Significantly, no White House Legal Counsel opinion has yet been forthcoming on airstrikes against ISIS. Bring back John Yoo from Berkeley, which is only fitting as Obama plays piggy-back jumping over Bush. Finally here, Will quotes Bruce Ackerman of Yale Law, who “says that nothing Bush attempted ‘remotely compares in IMPERIAL HUBRIS’ [my caps.] with Obama’s ‘assertion of unilateral war-making authority.’” For Will—the conservative– to be so critical, imagine what a radical might say: fascism, in process or already present.
Momentum for war is building. Things are marvelously heating up, the compression of events, plainly orchestrated by the White House, Dempsey and Hagel before Senate Armed Services Tuesday, Obama at MacDill Air Force Wednesday, the House vote, same day, Kerry soon at the UN, a veritable bandwagon of support, “friends and allies,” between 30-40, standing in the wings, all that is missing…armed forces on the ground. I’ve already discussed Dempsey in a CP article. Let’s jump into midweek events with the House approval of arming the Free Syrian Army. Senate is expected today, 9/18, to follow, but with one corrective. Obama, with full bipartisan cooperation in the House, had the debate and vote associated with the stopgap spending bill to fund the federal government, though in separate votes, while in the Senate, the two measures are connected.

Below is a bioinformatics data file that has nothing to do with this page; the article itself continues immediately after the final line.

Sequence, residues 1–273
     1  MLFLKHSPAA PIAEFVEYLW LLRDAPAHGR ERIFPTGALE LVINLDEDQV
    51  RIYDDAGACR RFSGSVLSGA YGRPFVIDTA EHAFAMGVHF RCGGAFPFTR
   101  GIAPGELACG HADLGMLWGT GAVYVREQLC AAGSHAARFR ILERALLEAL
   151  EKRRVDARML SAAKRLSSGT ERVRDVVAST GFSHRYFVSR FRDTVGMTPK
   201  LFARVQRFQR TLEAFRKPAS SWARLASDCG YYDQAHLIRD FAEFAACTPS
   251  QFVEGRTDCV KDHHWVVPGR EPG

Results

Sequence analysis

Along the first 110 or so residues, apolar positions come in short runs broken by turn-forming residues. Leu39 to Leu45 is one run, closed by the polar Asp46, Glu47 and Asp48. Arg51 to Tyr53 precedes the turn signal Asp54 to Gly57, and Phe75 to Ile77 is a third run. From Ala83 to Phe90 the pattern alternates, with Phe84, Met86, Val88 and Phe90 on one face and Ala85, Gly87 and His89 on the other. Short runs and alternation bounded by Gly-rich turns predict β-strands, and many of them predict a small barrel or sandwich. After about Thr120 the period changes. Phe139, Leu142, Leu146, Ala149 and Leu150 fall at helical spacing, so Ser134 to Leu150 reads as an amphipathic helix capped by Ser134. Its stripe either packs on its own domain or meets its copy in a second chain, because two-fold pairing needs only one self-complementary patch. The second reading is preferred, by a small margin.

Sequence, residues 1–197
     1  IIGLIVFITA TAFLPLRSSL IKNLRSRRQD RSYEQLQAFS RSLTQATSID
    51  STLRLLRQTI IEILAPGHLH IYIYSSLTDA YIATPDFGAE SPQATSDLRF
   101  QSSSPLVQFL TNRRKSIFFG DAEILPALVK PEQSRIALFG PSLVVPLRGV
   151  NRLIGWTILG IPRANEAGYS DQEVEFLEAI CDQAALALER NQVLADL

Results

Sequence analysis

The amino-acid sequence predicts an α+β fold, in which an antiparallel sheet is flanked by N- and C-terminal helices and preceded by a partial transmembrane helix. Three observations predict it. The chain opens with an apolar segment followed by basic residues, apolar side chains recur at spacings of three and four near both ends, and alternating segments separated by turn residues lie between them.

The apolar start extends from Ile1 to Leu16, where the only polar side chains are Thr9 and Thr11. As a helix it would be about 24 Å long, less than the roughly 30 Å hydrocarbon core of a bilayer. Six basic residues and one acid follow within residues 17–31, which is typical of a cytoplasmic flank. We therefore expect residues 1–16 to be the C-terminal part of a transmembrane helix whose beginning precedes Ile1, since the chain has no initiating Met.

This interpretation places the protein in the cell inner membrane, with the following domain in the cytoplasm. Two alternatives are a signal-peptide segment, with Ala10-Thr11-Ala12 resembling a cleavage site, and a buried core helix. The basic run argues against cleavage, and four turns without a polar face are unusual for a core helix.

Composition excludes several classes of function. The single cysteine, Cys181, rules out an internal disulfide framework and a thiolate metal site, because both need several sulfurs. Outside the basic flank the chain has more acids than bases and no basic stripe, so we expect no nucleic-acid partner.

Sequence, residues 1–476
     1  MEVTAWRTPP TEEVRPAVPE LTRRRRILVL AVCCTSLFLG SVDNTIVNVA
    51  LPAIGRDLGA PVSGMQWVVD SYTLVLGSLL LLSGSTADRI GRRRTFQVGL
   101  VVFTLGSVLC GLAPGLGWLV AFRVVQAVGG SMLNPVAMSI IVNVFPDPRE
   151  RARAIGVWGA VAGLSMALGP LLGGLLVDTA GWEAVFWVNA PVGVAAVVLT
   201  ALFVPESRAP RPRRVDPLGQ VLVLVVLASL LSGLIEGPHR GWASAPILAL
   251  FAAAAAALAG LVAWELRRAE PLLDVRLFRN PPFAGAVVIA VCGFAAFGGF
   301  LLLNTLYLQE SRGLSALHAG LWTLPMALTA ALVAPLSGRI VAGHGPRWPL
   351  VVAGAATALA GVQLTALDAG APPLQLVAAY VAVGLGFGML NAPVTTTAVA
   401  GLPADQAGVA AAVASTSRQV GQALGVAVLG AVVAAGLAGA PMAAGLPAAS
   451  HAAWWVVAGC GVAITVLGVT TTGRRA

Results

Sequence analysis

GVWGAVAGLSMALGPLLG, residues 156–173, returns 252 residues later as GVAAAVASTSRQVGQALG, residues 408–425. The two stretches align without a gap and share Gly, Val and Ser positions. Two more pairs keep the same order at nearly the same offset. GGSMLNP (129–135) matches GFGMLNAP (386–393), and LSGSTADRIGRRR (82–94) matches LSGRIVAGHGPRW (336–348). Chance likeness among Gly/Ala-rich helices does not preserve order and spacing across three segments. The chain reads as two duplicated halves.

There is nothing like the patriotic glory of war to bring the parties together. After Obama “personally pleaded for support,” the House voted 273-156 “to authorize the training and arming of Syrian rebels to confront” ISIS. This is a comfortable margin in light of party battles, logjam, stalemate on a wide range of issues, none of which has a bearing on war, intervention, assassination, full-spectrum adherence to imperialism and militarism. Consensus reflects what really matters to the nation. Peace and social justice are NOT part of the mix, except that in their case neither party has a positive record on these and related issues (corporate regulation, strict environmental controls, vital social safety net), thus if you will a negative consensus dedicated to monopoly capital, which helps to fuel the positive consensus on war.